Outside of these introspective moments, Science Fiction is dense and demanding listen—both musically speaking, as well as the songs that are slightly less obvious in their interpretation; all of which arrives with mixed results.

The psychedelic alternative rock of “Waste” slows the pacing of the record down slightly, but that’s okay because it leads into the aforementioned “Could Never Be Heaven.” The band attempts to bridge the gap between the ‘scream-o’ past and the more serious nature of its latter day work, all while discussing an attempted suicide, on “Same Logic/Teeth.”

Science Fiction concludes with a lengthy, tender ballad, “Batter Up,” the kind of song that seems like it was written—or at least arranged musically—to be sequenced at the end. While the final moments end in dissonance and various tones of feedback and warbled sounds, the overall pensive feeling and restraint in Lacey’s voice shows what kind of artist and musician he grew into. Yes, he can scream and yell—he built a career out of it 17 years ago, and he’s still doing it now, but he got older, and tried his hardest to put a bulk of that behind him.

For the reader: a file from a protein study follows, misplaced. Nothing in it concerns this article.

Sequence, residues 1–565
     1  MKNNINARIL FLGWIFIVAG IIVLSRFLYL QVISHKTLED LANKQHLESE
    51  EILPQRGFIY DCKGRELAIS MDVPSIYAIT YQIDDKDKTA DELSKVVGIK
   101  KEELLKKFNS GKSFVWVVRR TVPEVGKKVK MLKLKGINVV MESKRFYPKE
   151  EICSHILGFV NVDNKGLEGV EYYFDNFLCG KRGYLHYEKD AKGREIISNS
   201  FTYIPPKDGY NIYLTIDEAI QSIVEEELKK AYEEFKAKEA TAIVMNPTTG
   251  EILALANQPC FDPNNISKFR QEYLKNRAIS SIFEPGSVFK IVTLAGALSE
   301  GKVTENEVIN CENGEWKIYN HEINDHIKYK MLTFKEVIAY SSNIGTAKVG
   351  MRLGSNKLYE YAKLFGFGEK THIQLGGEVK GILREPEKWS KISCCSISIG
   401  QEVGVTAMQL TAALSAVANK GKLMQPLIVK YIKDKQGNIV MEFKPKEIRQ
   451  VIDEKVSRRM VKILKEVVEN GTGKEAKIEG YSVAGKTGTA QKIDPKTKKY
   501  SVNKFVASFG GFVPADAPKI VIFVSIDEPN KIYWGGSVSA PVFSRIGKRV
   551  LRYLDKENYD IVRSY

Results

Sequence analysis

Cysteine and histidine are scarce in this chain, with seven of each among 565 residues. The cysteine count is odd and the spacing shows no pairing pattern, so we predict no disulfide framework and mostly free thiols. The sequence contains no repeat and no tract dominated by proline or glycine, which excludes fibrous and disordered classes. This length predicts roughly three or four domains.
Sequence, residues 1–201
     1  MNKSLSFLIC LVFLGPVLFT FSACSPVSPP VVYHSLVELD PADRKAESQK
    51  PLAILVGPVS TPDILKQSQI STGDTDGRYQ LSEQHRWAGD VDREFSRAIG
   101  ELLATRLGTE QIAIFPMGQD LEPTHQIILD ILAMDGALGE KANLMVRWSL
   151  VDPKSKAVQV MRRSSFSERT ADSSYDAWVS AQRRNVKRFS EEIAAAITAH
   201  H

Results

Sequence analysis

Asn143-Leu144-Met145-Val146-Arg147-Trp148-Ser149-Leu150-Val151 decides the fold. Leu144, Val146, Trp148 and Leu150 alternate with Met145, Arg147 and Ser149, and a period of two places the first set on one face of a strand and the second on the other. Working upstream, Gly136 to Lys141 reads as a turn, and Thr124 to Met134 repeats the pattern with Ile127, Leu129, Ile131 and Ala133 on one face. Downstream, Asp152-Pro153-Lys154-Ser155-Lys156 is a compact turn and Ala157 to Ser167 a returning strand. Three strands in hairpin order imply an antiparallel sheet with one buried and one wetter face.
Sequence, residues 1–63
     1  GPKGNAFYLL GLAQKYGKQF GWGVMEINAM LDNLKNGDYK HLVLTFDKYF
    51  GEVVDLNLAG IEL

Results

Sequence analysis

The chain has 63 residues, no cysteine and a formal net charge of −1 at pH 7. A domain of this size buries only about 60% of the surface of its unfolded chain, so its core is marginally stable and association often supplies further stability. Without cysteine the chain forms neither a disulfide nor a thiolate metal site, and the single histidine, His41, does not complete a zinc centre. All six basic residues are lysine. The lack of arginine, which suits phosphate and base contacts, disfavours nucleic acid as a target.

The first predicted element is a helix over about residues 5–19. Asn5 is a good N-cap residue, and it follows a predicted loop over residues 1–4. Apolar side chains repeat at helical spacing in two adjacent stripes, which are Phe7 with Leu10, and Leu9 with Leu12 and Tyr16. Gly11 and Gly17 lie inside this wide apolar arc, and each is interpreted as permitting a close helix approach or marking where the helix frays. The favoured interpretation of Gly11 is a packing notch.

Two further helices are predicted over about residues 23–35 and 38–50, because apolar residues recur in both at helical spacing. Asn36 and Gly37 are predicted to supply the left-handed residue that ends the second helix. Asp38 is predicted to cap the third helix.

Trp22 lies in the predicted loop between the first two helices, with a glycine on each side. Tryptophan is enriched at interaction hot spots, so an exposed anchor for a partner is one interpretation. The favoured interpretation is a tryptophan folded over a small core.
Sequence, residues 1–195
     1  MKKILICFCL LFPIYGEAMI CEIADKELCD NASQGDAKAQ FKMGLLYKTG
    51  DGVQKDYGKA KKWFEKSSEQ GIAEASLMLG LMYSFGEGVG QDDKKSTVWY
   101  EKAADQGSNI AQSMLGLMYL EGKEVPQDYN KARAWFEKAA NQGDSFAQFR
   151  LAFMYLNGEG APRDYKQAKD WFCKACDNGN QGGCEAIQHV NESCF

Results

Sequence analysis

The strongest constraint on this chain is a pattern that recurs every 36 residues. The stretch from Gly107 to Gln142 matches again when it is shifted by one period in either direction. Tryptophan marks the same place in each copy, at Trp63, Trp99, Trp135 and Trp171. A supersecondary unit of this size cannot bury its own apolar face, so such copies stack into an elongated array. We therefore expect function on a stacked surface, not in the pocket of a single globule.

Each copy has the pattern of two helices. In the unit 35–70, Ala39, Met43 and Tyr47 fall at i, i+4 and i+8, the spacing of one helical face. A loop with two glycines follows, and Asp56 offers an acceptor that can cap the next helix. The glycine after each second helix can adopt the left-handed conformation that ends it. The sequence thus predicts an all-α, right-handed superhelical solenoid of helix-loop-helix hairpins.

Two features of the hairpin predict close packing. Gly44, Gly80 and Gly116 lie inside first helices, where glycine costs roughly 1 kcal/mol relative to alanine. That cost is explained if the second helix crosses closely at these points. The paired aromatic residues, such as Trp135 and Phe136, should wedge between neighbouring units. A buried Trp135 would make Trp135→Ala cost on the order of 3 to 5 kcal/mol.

If this truly is Brand New’s swan song, it’s a bold, artistic way to end a bizarre ride. Truthfully, this band should not have made it out of the early 2000s alive—possibly not even to a second album, but unlike a number of other similarly mind acts from the same era, Brand New tried, for better or for worse, to grow up with their audience. The band was in its early 20s when it started, and they are pushing 40 now. Sure, they still have a jokey, hard to Google search band name, and yes, they are still trying to strike that balance between taking themselves too seriously and not taking themselves seriously at all, but even for a passing fan, or former listener, Science Fiction is worth sitting with, from start to finish, at least once. When it works, it really works; when it buckles under its own ambition or is uneven, you’ll wince a little, but it is still a part of the fascinating cohesive whole.

Science Fiction is out now as a digital download, via the band's vanity label Procrastinate Music Traitors; both the CD and LP versions will be available 'in October.'